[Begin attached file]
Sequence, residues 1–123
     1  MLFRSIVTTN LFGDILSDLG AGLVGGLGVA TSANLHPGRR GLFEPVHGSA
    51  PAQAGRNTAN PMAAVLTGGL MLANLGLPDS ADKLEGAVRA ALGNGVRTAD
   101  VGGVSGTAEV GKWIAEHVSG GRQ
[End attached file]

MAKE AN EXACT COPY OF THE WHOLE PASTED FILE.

Sequence, residues 1–123
     1  MLFRSIVTTN LFGDILSDLG AGLVGGLGVA TSANLHPGRR GLFEPVHGSA
    51  PAQAGRNTAN PMAAVLTGGL MLANLGLPDS ADKLEGAVRA ALGNGVRTAD
   101  VGGVSGTAEV GKWIAEHVSG GRQ